A holistic perspective on intellectual freedom
For Immediate Release
ALA Publishing & Media
American Library Association
CHICAGO — Enshrined in the mission statement of ALA, intellectual freedom is one of the core values of the information professions. The importance of ensuring information access to all, and the historical, social, and legal foundations of this commitment, are powerfully explored in Emily J. M. Knox’s “Foundations of Intellectual Freedom,” published by ALA Neal-Schuman. Designed to function as both an introductory text for LIS students as well as a complementary resource for current professionals, this book provides a concise overview of principles, ongoing and current debates, and best practices. Extending beyond censorship to encompass such timely and urgent topics as hate speech and social justice, from this text readers will gain an understanding of:
- the historical and legal roots of intellectual freedom, with an in-depth examination of John Stuart Mill’s “On Liberty” and Article 19 of the U.N Declaration of Human Rights, and its central concepts and principles;
- the intersection of intellectual freedom, freedom of expression, and social justice;
- professional values, codes of ethics, ALA’s Library Bill of Rights, and Freedom to Read/View Statements;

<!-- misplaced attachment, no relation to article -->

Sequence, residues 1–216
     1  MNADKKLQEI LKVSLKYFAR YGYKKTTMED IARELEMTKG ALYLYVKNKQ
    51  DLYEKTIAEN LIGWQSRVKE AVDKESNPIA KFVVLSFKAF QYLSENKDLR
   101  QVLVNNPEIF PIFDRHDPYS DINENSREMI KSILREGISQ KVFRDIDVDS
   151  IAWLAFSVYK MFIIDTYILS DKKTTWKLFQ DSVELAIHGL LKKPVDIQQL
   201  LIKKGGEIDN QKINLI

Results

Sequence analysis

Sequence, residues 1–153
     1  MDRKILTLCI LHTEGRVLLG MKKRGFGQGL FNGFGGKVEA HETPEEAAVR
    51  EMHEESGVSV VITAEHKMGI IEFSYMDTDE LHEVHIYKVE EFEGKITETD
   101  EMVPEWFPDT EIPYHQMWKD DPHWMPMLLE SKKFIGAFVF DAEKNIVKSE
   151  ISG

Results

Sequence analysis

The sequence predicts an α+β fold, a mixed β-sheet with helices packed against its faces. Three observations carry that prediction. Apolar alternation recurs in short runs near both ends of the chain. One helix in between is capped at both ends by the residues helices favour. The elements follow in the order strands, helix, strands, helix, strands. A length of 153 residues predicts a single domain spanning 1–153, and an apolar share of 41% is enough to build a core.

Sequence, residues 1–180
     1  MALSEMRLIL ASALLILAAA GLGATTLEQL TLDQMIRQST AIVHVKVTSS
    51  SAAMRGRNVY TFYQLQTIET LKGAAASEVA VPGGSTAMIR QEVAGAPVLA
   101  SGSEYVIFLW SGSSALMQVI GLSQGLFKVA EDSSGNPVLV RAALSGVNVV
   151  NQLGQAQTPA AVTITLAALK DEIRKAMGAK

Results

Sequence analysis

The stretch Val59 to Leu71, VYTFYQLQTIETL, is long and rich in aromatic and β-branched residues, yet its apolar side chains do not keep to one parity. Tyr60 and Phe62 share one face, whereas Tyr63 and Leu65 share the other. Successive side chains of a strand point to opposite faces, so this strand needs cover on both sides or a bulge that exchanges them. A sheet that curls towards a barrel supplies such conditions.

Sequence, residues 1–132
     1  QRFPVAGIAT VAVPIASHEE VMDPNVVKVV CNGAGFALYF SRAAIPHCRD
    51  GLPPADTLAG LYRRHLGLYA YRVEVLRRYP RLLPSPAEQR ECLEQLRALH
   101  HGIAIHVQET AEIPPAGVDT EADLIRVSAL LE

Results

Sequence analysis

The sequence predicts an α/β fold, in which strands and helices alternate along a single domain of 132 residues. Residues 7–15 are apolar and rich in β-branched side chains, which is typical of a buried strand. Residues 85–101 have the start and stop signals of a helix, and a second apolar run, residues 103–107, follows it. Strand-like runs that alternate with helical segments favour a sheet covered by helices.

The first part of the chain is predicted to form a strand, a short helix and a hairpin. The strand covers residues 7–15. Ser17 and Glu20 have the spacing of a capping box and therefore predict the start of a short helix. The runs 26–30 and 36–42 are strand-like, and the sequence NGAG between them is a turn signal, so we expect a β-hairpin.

- pro- and anti- censorship arguments and their use in impeding and facilitating access to information;
- book banning and internet filtering;
- privacy and its relationship to information services;
- U.S. case law and precedents;
- the basics of U.S. copyright law, including fair use, and how it differs from international copyright law; and
- emerging global issues and their impact on future intellectual freedom
Examination copies are available for instructors who are interested in adopting this title for course use.
Knox is an associate professor in the School of Information Sciences at the University of Illinois at Urbana-Champaign. Her book “Book Banning in 21st Century America” was published by Rowman and Littlefield and is the first monograph in the Beta Phi Mu Scholars Series. She is also the editor of “Trigger Warnings: History, Theory Context” and coeditor of “Foundations of Information Ethics.” Her articles have been published in Library Quarterly, Library and Information Science Research, and the Journal of Intellectual Freedom and Privacy. Dr. Knox has served on the boards of the Association for Information Science and Technology, Freedom to Read Foundation, and the National Coalition Against Censorship. She is also a member of the Mapping Information Access research team.
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